Taming pathogens with mucus and phages

Taming pathogens with mucus and phages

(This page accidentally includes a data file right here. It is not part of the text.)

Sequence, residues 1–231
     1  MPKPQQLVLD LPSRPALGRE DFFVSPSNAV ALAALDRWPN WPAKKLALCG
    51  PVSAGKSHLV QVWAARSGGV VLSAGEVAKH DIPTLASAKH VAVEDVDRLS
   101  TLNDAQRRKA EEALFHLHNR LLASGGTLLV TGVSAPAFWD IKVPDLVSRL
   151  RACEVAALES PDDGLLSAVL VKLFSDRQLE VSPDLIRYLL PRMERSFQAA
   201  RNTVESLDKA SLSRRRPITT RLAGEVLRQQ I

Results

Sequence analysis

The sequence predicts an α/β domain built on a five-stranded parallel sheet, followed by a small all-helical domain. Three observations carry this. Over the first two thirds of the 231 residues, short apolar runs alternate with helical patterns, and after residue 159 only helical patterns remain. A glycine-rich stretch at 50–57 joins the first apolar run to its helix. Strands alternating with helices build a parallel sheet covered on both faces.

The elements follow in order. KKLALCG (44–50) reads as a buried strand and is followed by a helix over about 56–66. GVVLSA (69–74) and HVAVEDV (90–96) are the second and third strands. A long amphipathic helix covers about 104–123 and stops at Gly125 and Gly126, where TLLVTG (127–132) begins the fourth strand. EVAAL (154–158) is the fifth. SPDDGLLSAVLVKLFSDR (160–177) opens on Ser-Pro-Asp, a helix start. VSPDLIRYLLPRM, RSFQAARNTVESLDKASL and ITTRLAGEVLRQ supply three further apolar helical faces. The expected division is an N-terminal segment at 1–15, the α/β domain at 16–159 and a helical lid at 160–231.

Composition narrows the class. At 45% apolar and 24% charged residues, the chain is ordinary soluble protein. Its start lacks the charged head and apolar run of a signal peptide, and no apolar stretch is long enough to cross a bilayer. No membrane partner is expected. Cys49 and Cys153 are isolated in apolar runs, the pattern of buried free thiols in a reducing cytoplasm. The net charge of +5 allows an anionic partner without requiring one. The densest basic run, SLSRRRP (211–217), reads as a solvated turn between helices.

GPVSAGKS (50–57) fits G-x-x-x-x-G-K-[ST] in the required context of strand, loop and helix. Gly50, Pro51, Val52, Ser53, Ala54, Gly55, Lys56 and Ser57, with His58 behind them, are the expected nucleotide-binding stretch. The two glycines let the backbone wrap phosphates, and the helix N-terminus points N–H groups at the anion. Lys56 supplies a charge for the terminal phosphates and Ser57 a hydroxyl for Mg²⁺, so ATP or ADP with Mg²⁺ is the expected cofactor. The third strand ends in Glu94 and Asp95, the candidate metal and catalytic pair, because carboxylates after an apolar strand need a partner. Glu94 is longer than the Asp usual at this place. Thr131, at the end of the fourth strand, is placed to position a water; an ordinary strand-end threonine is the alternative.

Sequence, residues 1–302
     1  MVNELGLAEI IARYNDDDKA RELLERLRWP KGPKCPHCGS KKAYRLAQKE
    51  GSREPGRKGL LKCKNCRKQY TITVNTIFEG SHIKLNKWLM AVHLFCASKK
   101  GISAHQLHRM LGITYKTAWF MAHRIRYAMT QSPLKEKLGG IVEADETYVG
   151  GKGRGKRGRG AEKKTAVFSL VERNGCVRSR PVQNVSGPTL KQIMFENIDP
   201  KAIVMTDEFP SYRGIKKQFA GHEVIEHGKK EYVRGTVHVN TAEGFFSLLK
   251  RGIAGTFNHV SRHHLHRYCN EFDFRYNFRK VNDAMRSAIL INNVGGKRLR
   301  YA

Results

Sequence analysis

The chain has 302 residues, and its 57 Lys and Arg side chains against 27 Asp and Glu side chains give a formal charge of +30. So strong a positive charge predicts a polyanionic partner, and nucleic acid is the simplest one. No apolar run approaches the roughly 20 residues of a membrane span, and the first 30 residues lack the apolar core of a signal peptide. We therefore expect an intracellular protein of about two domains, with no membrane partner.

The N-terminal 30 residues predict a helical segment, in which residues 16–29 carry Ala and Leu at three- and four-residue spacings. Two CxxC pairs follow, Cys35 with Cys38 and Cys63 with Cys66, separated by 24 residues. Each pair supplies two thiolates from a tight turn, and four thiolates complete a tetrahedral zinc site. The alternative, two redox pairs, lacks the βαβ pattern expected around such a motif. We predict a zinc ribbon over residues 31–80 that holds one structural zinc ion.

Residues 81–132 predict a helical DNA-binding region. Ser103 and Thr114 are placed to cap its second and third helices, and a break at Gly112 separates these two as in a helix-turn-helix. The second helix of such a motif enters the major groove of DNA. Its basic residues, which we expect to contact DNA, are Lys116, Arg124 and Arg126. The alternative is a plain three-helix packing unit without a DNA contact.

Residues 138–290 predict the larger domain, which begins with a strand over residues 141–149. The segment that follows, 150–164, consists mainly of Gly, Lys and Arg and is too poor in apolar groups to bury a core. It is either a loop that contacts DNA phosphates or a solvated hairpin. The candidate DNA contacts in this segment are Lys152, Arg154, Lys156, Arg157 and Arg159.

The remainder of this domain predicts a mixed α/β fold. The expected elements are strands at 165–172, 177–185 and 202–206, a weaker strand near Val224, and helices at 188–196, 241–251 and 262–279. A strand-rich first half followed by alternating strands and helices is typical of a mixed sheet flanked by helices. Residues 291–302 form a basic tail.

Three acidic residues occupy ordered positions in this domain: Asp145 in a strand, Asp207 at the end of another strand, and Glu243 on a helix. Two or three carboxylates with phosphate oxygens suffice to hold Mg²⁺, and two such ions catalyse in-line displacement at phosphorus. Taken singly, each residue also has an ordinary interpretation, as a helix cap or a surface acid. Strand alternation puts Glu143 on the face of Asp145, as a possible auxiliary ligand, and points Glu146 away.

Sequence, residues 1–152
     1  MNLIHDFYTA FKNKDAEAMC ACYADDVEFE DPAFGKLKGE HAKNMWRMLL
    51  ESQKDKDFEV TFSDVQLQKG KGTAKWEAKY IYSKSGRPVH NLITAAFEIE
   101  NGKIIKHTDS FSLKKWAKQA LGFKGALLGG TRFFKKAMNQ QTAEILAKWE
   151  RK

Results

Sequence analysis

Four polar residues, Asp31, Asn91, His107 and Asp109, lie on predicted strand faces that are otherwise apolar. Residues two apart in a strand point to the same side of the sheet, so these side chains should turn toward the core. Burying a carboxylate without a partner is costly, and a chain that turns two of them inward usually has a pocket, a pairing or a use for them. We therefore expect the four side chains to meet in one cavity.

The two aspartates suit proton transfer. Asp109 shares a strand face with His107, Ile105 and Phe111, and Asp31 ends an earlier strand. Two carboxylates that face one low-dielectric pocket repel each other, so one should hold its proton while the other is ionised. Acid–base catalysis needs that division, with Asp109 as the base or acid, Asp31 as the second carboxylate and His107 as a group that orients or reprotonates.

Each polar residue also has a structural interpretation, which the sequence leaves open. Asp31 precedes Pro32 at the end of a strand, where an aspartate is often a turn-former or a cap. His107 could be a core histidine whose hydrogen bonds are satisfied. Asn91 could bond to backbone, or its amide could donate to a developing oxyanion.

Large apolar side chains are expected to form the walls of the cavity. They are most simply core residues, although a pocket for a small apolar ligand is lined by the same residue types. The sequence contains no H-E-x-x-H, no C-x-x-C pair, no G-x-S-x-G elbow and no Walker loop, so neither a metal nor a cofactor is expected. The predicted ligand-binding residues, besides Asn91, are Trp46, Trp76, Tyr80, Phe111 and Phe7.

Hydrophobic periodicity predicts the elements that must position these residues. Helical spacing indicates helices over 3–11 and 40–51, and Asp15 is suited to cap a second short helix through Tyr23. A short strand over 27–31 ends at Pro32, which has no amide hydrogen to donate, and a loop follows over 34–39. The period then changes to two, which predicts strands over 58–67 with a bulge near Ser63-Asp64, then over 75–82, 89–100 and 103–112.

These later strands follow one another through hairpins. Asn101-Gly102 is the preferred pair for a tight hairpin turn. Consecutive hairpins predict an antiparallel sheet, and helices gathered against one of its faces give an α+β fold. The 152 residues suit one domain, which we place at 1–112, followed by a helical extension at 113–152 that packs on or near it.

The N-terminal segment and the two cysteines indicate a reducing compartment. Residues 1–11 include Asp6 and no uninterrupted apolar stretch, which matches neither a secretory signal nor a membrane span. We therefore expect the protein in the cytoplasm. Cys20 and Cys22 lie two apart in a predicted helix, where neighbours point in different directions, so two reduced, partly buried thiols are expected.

Millions of people are treated with antibiotics each year for infections or as a preventative measure. The Centers for Disease Control and Prevention reports that at least 2.8 million people are infected with antibiotic-resistant bacteria each year, meaning the germs have found ways to overpower antibiotics and continue to grow. Treating antibiotic-resistant infections is costly and time-intensive. Two teams of NIBIB-funded scientists have been working to find alternative solutions for treating bacterial infections, especially antibiotic-resistant bacteria. How does your runny nose fight bacteria? A runny nose isn't the only place mucus exists in our bodies; it also lines many passageways, like the digestive system, to keep them lubricated. Massachusetts Institute for Technology (MIT) researchers have found that sugars in mucus help control and disarm pesky microbes in our bodies. Most people think the slimy substance is a nuisance and gross, but it plays a vital role in many bodily systems. Mucins, the gel-forming component in mucus, are coated in glycans, or sugars, and have been known to suppress the formation of biofilm, a microbial growth form that is often associated with infections and difficult to treat with antibiotics. This study, published in Nature Microbiology, finds a broader range of functions for the glycans attached to mucins. Researchers think they may not need to actually kill the pesky microbes, but instead, disarm them and render them less infectious. Antibiotics are becoming less effective against fast-adapting bacteria. We need to leverage naturally--occurring defense mechanisms to protect ourselves from microbes." David Rampulla, Ph.D., director of the NIBIB Biomaterials and Biomolecular Constructs program Mucus is densely packed with harmful microbes, so how does the body use this slimy substance to prevent infections? One would think something in mucus may kill the bacteria. The MIT team, led by Katharina Ribbeck, Ph.D., Professor in the Biological Engineering Department, has found that mucus tames pathogens contained in its sticky matrix so the immune system can kick in and fight when it needs to-;but mucus doesn't kill bacteria on its own. Many used to think the structural network of mucus was purely for mechanical purposes, but we've learned it plays a critical role in the way it controls problematic pathogens as well. We are testing to see if this function is universal across many species." Katharina Ribbeck, Ph.D., Professor in the Biological Engineering Department, MIT The researchers dissected the different parts of mucus and found that the key ingredient that tamed bacteria was glycans. Glycans are chains of sugar molecules that form branched structures. The researchers questioned if the glycans would have the same power without the other components in mucus. Results confirmed that the glycans are robust at defusing pathogens on their own. Related Stories



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